All have had too much reason to say, that whilst the poor have been always with them, Jesus—the love of Jesus—has not been with them. Too much have they been neglected, and their claims set at nought. The very phrases by which they have been designated—“ the common people, “ the lower orders”-have savoured of any. thing rather than the Christian principle. The injunction to “honour all men,” has been practically disregarded; the proud man's contumely has borne them to the earth; the pride of caste has prevented man from meeting man as a brother, as the child of one common Father, the disciple of a common Master, the heir of a common Salvation. Oppression, and insult, and contempt, have induced degradation of feeling, and brought about most of the physical and moral evils which affect the poor, and which are eating like a canker into the heart of civil society. The whole head is sick and the whole heart is faint because of them; and if some great and searching remedy be not speedily found, from the sole of the foot even unto the crown of the head there will be no soundness. We know, that, as human nature is constituted, there is no probability that the poor will speedily, if at all, cease from the land. This world is a state of discipline, a scene of probation, whose objects and pleasures were never intended to satisfy the longings of an immortal spirit. It seems to be an essential part of the scheme of Divine Providence, that there should be many gradations in human life, that numbers should be exercised by the severest trials. We believe in no Utopia, no community where an equality of outward circumstances shall prevail; we imagine that no surer method to depress the energies of the mind, and to take away all stimulus to active exertions for the benefit of others, as well as all motives to personal virtue, holiness, and spirituality of mind, could be devised. We rejoice in the conviction, that the world is under the government of a Being who must do all things well, and who is causing all the events of life to issue in good to those who love him; and with this strong, abiding faith, we are not troubled, though all be dark around us. But, my Christian brethren, these considerations should powerfully influence our conduet with regard to the redemption of the world from the bondage of ignorance and vice, and from misery the most appalling and heart-rending, resulting from these dreadful evils. We are, in such a work, labourers together with God. He works chiefly by secondary causes, and, as it concerns the welfare of our race, by human agency. He has bound man to man by the pleasant ties of brotherhood and by a common nature; we are each our brother's keeper, and he best fulfils the purposes of his being—best serves God, and best performs his duty—who loves his neighbour as himself, and is ever careful to promote his comfort and edification.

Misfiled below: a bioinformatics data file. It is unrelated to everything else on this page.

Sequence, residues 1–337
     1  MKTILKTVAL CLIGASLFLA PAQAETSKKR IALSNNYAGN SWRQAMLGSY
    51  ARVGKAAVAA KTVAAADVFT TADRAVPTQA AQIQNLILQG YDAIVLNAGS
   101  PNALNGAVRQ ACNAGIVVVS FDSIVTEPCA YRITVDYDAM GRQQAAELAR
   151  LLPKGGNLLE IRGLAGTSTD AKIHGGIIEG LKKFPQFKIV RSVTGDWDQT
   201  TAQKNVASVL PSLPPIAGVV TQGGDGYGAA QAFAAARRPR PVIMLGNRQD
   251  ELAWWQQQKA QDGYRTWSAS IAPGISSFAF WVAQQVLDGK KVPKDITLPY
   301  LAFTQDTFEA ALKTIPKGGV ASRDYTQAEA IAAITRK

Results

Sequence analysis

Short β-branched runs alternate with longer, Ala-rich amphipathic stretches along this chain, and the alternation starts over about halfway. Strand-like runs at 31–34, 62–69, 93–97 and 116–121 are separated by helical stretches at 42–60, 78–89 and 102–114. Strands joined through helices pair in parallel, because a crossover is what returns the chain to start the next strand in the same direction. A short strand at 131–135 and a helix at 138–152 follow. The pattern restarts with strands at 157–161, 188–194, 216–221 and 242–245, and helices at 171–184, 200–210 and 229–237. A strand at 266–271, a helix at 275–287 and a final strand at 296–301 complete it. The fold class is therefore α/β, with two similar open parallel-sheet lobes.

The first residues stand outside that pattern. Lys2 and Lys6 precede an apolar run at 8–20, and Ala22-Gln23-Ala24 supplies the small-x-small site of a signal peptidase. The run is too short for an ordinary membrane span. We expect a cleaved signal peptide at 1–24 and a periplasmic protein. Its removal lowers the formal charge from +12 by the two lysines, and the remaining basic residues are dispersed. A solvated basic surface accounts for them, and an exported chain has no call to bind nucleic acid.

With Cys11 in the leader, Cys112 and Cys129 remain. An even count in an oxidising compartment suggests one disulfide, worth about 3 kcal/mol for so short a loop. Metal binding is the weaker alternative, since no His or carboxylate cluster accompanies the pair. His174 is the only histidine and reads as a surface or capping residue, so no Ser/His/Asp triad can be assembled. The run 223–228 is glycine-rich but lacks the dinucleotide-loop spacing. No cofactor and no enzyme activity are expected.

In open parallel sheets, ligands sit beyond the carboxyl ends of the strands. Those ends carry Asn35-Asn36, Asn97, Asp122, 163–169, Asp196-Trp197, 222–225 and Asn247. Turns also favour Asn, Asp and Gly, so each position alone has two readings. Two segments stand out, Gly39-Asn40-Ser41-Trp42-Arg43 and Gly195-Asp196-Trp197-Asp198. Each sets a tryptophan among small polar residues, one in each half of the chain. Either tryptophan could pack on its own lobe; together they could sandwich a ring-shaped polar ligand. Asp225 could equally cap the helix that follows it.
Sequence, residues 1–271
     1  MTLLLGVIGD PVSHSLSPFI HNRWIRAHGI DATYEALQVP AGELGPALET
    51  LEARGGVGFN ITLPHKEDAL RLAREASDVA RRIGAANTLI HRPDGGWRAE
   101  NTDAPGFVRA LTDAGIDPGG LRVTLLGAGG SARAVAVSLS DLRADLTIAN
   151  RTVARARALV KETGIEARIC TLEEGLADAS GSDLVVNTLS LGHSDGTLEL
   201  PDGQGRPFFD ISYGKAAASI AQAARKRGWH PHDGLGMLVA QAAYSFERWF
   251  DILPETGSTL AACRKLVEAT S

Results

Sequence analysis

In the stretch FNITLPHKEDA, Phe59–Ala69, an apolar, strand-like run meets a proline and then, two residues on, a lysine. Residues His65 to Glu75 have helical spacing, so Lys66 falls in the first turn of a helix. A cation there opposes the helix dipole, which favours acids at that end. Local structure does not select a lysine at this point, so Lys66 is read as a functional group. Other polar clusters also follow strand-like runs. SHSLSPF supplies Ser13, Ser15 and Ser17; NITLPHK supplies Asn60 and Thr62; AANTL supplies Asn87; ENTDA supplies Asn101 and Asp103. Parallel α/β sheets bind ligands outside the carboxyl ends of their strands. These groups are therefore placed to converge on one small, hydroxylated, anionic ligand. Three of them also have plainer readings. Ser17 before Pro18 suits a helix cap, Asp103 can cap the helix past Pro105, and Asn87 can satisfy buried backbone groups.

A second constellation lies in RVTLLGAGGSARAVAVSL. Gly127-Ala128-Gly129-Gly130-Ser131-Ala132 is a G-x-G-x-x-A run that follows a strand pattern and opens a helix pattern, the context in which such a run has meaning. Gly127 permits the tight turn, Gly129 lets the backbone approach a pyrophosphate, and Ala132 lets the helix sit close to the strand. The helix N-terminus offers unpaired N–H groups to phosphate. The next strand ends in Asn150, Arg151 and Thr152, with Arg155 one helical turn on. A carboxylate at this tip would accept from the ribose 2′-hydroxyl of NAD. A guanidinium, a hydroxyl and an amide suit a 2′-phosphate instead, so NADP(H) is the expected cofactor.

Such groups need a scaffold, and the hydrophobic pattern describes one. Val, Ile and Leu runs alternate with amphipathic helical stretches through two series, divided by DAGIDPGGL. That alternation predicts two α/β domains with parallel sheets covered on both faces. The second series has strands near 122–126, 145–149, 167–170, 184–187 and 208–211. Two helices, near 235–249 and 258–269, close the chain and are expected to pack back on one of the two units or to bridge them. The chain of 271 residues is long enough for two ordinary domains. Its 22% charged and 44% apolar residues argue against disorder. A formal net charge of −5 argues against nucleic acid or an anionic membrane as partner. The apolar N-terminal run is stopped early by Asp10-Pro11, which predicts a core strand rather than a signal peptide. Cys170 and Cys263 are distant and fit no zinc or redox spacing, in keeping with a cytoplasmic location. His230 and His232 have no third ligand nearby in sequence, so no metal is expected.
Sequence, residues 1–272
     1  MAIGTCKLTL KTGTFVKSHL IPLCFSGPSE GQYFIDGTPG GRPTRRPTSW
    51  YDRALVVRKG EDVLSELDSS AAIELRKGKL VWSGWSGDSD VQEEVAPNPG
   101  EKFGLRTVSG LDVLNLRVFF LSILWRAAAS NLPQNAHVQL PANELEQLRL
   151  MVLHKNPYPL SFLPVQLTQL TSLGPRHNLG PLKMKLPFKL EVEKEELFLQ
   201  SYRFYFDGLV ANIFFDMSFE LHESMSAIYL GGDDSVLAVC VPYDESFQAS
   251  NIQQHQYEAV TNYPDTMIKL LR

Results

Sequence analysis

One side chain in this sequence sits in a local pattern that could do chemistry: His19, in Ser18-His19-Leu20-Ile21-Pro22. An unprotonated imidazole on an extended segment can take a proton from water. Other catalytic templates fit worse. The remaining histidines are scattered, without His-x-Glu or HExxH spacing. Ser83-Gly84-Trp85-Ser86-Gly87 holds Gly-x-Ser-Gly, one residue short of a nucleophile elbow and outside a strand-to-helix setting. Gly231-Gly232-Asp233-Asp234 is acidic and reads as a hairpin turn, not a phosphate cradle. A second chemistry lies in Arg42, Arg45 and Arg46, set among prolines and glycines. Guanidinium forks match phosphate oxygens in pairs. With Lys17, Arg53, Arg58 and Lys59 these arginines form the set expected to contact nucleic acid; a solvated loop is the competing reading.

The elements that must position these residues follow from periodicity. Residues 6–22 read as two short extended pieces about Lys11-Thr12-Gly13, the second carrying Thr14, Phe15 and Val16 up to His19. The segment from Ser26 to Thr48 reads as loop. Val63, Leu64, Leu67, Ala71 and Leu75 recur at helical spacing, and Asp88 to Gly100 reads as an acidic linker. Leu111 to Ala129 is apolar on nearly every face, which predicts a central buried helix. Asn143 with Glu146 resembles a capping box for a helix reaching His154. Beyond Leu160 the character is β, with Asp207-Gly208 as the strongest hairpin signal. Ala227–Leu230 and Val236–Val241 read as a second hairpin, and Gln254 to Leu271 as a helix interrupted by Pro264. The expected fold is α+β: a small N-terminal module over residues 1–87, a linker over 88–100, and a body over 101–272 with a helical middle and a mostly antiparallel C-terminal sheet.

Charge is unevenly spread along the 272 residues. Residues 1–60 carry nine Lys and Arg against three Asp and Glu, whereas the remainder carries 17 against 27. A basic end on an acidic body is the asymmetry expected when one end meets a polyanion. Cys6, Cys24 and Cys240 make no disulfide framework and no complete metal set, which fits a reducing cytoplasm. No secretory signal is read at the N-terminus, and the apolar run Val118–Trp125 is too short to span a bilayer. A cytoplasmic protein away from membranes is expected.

56 There are those who cannot help themselves, whose early disadvantages—whose want of the elements of instruction whose position in society—whose habits, and views, and feelings, effectually preclude the faintest attempt at self-culture and self-discipline; who live in the very heart of an intelleetual and highly cultivated community, like the Pariah caste among the Hindoos; who have no moral strength, and whọ must, from the very nature of the case, sink yet lower in the scale, unless a friendly hand is held out to them to raise them; and for such persons, low and degraded though they be, the Domestic Mission is especially designed.
“ The term Domestic Mission, at once points out the object for which it is instituted. It is by going about from house to house, by friendly domestic visits, by religious conversa ţion, by reading, by prayer, to endeavour to convince our brethren, that though they may be poor in this world's goods, they can still be rich in faith and be heirs of the promises it is to arouse the slumbering conscience, to bid its possessor awake, that Christ may give him light-it is to tell of a Father in heaven, who graciously regards all his children, who has made of one blood all nations of men, who “is no respecter of persons," who hears the prayers of the lowly, who is waiting to be merciful to the most sinful, who rejects none who come to him with penitence and sincerity of heart -it is to make them feel that they have an interest in the Saviour's love and redemption, that they also can come to him, though weary of the world and heavy laden with their iniquities, and that he will give rest to their souls—it is to exhort them to be reconciled to God, to induce them to break the power of evil habits, and to forego vicious indulgences to help them to subdue the animal man, by placing before them nobler objects of pursuit.”